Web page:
Iselle affects business, not spirit, at Made in Hawaii Festival

Made in Hawaii Festival, Blaisdell Exhibition Hall

Hundreds of local businesses are showcasing their products this weekend at the 20th annual Made in Hawaii Festival.

But for some companies from the Big Island, this year’s event is different. While they showed up, like they do every year, this time, they brought a little less.

“The storm affected my business because I couldn’t complete my work,” said Linda Schweitzer of Lauhala Lady Products. “A lot of things, it’s hard to work in the dark.”

“The warehouse leaks as it is, so there was some flooding,” said Jeff Gomes of Hawaii Bookmark.

The loss of power, water and phones in some areas of the Big Island interrupted business and planning for the annual event.

“Even the shipping, because everything got shut down for about a week, basically we had problems with things arriving and finishing in time,” said Kainoa Makua of Na Makua Designs.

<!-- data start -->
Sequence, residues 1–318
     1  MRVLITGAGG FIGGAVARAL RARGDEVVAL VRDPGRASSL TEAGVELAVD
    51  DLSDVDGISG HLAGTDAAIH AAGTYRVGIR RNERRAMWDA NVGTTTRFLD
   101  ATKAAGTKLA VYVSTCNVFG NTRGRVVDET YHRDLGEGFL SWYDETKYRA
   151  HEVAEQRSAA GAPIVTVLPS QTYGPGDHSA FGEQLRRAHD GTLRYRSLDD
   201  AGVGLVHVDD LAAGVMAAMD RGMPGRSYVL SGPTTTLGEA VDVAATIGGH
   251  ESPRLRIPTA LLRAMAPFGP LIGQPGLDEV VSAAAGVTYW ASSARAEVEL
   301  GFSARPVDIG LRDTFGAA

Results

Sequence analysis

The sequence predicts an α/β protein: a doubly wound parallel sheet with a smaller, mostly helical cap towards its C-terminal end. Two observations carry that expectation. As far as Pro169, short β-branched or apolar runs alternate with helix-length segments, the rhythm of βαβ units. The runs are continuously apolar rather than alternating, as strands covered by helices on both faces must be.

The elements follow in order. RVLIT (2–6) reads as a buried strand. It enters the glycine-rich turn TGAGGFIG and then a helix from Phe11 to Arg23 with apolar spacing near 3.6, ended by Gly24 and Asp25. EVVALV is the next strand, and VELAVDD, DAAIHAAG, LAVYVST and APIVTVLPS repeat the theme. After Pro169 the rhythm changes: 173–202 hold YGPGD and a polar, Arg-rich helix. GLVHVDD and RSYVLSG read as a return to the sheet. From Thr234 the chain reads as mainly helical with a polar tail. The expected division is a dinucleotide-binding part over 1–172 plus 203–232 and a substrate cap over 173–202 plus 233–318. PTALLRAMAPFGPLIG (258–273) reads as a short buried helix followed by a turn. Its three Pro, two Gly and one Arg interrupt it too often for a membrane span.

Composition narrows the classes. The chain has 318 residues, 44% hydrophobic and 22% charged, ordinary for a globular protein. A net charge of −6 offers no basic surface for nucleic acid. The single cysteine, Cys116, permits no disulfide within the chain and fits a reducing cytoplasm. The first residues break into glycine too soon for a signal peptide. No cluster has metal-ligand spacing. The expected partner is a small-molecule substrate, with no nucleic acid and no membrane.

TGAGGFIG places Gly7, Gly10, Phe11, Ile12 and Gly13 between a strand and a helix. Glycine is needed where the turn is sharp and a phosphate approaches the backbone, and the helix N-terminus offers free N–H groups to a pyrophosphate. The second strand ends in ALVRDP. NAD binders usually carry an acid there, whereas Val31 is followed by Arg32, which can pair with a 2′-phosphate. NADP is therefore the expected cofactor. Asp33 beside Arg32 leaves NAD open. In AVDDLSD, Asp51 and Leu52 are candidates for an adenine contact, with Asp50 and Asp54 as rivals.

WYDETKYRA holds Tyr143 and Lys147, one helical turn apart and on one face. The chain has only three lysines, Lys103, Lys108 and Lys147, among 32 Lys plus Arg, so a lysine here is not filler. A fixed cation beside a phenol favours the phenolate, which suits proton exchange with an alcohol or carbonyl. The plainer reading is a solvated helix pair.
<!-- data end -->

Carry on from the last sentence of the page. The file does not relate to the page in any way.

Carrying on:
With 35,000 people expected at the festival, many businesses rely on the sales and exposure of the event, especially this year, when some are already expecting a loss following Tropical Storm Iselle.

“I’ll probably make a third to 50 percent loss of my business,” Schweitzer said.

“We’ve estimated that about $10 million in business is transacted over the weekend and then with the buyers, the residual income going back to the vendors through the course of the year is about $15 million,” said Amy Hammond, the festival’s executive director.

There are a record 450 exhibitors at this year’s festival and 15 percent of them are from the Big Island.

Hawaii Bookmark is using this event to raise awareness.

“We’ve been using albizia for years to make bookmarks and so I figured we’d do a fundraiser,” Gomes said.

Fifty percent of the bookmarks will go to recovery efforts following Iselle, serving as a reminder to people here what some Big Island residents continue to deal with.

“Big Island, we’re very resilient over there. We’re used to natural disasters, with the volcanoes, tidal waves, all of that. We bounce back very quickly,” Makua said.

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